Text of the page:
'Big Bang' collapses under weight of nerd jokes
These two guys are really nerdy. Really, really nerdy. They're so nerdy they play Klingon Boggle and obsess over "Battlestar Galactica" DVDs and sketch out math equations on chalkboards in their spare time. They're so nerdy their social lives don't extend much beyond MySpace and MMORPGs - you know, Massively Multiplayer Online Role-Playing Games. They're so nerdy, they . . .
And so it goes on CBS's "The Big Bang Theory," which clubs us over the head with the same that's-how-nerdy-they-are jokes over and over again. The sitcom, which premieres tonight at 8:30 on Channel 4, deploys the "Star Wars" and "Star Trek" zingers relentlessly and gleefully, as if they aren't as old as, say, the big bang theory. It's one of those laugh-track sitcoms that has exactly one comedy routine and just keeps hammering it home until, at last, you shut down and run for cover.
Johnny Galecki from "Roseanne" stars as Leonard, and he signifies Leonard's extreme nebbishness with a pair of big black-rimmed glasses and a silly Poindexter voice. Jim Parsons co- stars as Sheldon, Leonard's more neurotic and fussy roommate, who is prone to having little cranky fits. Both physicists, Leonard and Sheldon have huge IQs and zero social skills. Instead of "Dumb and Dumber," they are "Smart and Smarter."
The guys' comfortably cerebral existence is shaken up when a pretty waitress, Penny (the bland Kaley Cuoco), moves into the apartment next door. Strangely, Penny doesn't much notice that her new friends are on another plane of existence, except to comment that they're " 'Beautiful Mind' genius guys." Meanwhile, Sheldon and Leonard bumble their way through their new friendship, finally trying to retrieve her TV from her macho ex-boyfriend. They wind up without their pants, and without Penny's TV.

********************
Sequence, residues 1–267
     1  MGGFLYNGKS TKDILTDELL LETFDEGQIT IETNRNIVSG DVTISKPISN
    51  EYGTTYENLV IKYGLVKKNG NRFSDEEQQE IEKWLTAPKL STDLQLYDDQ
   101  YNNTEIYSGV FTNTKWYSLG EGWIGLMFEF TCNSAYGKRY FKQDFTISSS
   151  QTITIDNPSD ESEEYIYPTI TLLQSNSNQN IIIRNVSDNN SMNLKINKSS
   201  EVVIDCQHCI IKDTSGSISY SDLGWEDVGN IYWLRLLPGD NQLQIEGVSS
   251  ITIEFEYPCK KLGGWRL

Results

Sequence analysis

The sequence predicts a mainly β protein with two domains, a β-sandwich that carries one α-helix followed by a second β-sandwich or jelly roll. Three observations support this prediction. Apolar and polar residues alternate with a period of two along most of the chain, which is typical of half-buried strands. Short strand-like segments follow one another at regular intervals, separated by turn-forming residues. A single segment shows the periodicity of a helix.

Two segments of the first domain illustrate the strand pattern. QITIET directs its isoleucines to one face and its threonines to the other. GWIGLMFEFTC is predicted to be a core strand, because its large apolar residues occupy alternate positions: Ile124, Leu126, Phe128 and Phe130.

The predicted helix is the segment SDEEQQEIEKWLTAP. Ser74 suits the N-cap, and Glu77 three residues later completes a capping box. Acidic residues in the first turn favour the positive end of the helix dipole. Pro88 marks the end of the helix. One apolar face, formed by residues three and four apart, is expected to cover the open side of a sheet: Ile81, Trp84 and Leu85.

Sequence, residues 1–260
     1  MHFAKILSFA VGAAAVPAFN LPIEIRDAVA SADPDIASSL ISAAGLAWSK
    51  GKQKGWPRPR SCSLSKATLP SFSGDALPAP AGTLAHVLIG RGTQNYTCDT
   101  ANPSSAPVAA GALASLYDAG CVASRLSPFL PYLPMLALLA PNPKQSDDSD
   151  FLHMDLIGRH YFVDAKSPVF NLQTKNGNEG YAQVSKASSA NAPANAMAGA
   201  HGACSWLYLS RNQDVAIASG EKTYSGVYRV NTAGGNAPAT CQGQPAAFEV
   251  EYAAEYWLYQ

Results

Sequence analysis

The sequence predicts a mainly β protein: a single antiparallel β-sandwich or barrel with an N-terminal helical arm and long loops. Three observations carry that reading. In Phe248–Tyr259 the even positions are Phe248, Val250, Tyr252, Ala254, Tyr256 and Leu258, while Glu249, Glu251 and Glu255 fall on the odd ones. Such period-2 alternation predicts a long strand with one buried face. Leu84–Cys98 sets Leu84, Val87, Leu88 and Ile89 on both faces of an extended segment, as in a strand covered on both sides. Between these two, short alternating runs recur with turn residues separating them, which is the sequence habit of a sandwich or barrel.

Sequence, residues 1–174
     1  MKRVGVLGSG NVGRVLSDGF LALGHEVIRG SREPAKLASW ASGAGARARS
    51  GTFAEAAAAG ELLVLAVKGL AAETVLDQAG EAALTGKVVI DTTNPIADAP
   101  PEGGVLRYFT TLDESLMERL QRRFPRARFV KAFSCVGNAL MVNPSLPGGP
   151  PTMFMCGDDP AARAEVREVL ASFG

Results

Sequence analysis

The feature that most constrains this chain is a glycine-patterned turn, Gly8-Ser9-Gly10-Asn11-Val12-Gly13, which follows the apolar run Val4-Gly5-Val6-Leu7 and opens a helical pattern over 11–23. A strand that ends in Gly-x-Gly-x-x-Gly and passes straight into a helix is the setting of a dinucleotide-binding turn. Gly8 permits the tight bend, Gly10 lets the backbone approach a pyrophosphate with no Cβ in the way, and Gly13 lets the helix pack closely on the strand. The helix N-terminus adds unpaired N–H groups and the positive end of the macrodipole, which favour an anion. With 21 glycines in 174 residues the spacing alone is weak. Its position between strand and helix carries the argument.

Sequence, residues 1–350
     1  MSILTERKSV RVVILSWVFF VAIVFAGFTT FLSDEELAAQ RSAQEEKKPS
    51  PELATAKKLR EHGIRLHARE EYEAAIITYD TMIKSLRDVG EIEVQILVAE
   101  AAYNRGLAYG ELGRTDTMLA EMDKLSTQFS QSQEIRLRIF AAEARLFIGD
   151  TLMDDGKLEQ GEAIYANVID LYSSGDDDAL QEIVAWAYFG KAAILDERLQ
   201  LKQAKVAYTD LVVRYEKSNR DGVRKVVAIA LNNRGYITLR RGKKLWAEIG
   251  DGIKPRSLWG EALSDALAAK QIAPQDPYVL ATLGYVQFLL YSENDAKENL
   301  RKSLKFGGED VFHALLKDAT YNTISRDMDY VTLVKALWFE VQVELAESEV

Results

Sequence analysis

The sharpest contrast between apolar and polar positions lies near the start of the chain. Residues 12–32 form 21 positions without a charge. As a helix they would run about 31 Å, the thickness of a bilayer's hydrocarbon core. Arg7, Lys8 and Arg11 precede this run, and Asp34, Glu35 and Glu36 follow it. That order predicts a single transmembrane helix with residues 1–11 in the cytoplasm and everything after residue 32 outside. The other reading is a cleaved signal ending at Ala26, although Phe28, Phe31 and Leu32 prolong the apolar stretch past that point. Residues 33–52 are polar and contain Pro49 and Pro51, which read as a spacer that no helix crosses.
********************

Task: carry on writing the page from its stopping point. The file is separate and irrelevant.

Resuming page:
Don't get me wrong: This isn't a hateful half-hour, one of those sitcoms that screams bad sex jokes at you and asks you to listen to endless bickering posing as wit. Created by Chuck Lorre (of "Two and a Half Men") and Bill Prady, the show might even have been engaging, if the one-liners came less frequently and the characters had a little more dimension. As it is, Sheldon and Leonard are merely laughable, if sweet, and they are even less fleshed out than the characters on "Two and a Half Men." They are stick figures, albeit with slide rules in their pockets.